Credits: Alan Grant (writer), Bret Blevins (artist), Todd Klein (letterer), Adrienne Roy (colorist)
Summary: Tensions rise between Commissioner Gordon and his wife after she suggests he turn to the new Batman for help against Two-Face. Meanwhile, a representative of a Russian consortium named Troika attempts to extort Lucius Fox. After Fox throws him out, he has several Waynecorp security guards killed. At Blackgate, prison overcrowding causes a riot. Because Robin feels inexperienced using the thermal Batgliders, Batman is forced to handle the riot alone. He restores order after defeating the instigator, Tatum. Inside the basement of the Hall of Records, Two-Face keeps Harvey Kent hostage.
Irrelevant Continuity: If you’re wondering who that middle-aged man on the cover is, I couldn’t tell you. I can only guess he’s supposed to be Harvey Kent, even though he looks quite different inside the issue.
Miscellaneous Note: I’m not sure if I’m the only one who didn’t know this, but a “troika” is defined as “a carriage of Russian origin drawn by three horses harnessed abreast of each other.”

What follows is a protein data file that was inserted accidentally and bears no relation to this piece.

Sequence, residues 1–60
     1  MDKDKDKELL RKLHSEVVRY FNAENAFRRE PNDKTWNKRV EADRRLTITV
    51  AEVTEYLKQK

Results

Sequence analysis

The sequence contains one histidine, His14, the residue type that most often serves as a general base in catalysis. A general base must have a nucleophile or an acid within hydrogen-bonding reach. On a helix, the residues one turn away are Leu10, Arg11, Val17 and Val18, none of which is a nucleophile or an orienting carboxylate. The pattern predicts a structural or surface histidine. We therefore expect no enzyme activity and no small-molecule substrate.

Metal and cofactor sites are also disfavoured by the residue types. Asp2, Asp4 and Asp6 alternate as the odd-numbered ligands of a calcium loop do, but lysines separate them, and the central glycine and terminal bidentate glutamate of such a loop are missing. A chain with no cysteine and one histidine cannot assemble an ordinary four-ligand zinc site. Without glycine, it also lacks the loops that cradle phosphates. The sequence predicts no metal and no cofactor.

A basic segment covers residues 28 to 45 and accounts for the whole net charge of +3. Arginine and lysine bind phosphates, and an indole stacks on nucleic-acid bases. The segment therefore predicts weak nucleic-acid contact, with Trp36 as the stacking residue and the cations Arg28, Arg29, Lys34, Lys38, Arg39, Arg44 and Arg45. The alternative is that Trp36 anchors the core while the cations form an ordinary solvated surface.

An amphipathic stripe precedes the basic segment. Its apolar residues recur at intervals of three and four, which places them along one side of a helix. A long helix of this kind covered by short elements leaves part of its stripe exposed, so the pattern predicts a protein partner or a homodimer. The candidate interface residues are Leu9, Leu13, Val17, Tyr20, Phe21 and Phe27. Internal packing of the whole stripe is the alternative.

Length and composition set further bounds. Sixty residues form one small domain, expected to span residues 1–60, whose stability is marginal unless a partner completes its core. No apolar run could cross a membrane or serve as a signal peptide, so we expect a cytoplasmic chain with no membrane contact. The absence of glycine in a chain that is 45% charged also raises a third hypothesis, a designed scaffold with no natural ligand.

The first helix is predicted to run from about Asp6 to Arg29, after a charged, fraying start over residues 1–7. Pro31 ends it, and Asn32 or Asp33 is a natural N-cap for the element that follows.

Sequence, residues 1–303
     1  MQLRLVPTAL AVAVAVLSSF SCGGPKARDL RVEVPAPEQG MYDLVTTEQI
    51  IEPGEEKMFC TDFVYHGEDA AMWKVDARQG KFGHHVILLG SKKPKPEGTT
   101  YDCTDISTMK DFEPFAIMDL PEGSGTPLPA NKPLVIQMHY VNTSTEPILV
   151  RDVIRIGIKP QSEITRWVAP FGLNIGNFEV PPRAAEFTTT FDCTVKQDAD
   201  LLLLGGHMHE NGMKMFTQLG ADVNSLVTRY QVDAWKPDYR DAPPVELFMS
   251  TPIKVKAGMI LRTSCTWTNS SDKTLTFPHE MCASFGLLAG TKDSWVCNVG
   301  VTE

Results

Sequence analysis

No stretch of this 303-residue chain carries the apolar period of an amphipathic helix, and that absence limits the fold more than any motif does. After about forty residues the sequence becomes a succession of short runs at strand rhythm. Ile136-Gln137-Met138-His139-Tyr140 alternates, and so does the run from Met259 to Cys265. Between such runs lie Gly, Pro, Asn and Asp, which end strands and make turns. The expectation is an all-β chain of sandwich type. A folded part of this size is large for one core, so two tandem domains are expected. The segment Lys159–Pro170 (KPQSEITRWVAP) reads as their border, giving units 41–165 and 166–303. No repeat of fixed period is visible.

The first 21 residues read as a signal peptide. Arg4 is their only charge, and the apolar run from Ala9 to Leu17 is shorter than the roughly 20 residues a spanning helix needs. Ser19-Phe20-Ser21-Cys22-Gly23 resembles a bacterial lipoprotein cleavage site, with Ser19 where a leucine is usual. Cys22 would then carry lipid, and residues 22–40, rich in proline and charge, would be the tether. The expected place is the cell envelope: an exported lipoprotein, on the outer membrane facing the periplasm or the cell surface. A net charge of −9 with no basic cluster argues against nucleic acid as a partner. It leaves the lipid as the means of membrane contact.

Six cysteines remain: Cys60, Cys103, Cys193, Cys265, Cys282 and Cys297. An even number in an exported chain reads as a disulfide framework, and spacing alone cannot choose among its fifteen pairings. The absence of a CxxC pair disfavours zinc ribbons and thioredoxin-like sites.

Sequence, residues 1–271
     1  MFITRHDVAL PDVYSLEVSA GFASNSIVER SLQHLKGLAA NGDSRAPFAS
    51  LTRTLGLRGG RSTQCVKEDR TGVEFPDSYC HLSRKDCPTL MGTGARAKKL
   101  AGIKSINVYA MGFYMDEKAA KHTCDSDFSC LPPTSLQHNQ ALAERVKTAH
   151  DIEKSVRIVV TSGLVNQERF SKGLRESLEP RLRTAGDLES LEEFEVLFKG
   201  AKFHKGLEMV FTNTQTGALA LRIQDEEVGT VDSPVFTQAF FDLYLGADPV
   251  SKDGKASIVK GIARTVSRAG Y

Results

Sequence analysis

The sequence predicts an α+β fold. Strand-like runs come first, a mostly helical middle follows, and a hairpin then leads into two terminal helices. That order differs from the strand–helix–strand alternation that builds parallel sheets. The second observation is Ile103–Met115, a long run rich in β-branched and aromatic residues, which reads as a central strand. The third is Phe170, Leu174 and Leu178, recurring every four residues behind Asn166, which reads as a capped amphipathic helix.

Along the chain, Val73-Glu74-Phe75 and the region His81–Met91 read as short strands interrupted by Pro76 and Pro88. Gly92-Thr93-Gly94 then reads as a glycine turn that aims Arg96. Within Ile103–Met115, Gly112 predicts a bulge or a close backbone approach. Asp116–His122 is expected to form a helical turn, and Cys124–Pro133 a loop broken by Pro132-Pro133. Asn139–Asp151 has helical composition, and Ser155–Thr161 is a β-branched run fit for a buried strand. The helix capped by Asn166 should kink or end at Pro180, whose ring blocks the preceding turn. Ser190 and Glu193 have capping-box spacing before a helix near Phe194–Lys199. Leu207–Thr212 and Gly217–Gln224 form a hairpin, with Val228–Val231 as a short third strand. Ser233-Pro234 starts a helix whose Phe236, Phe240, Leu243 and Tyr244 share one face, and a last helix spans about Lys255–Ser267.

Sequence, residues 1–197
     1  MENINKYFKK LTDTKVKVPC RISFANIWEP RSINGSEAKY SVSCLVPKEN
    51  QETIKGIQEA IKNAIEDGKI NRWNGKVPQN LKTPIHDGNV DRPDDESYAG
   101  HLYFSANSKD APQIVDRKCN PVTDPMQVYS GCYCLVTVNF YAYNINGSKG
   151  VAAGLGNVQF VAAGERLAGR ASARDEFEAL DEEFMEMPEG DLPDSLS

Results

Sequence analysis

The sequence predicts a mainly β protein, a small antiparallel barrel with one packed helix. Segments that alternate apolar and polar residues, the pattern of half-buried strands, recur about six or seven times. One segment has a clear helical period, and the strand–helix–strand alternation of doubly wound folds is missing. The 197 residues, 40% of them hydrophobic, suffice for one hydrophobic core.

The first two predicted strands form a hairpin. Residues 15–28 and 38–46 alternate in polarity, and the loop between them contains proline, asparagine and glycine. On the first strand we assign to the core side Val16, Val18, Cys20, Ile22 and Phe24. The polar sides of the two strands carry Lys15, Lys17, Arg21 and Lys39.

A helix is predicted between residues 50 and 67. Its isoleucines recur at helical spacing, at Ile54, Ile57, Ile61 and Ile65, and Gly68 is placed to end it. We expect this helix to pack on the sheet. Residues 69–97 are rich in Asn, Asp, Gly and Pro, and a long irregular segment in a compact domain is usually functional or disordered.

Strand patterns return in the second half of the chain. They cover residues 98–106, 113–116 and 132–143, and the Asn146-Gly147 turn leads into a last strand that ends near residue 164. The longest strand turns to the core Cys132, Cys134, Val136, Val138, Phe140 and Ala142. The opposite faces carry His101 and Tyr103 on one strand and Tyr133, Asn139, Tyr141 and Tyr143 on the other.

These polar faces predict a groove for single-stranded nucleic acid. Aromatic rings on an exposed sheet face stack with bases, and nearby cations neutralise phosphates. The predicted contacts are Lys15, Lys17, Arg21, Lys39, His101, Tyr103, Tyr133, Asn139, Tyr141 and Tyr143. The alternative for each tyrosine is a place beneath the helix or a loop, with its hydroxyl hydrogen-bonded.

Review: It’s another “Prodigal” chapter that’s slowly building up to Dick Grayson-as-Batman’s confrontation with Two-Face, while giving the reader precious little to digest in the meantime. There are little bits that I like, such as Robin opting out of using the flying Batglider because he doesn’t feel properly trained, and Batman actually being supportive and telling him it’s okay. That kind of scene is necessary to distinguish Dick as a more compassionate Batman, in addition to reminding the reader that Dick has more of a brotherly relationship with Tim than a paternal one. We haven’t had enough of these moments yet, really. The start of the Troika subplot is also a welcome change of pace from the pattern of C-lister/Two-Face subplot/C-lister we’ve been getting lately. The main story just feels like filler, however, and surprisingly not even much of a challenge for Batman. (He singlehandedly takes on a prison riot in about six pages!) That subplot with the Gordons also feels awkward, as Sarah is now suddenly okay with Batman and angry with Gordon for not accepting him, which flies in the face in all of the stories reprinted so far. Of course, it's entirely possible there's a story featuring Sarah Gordon's change of heart and the trades skipped it. I don't really think that's true, but the trades have had more stunning omissions.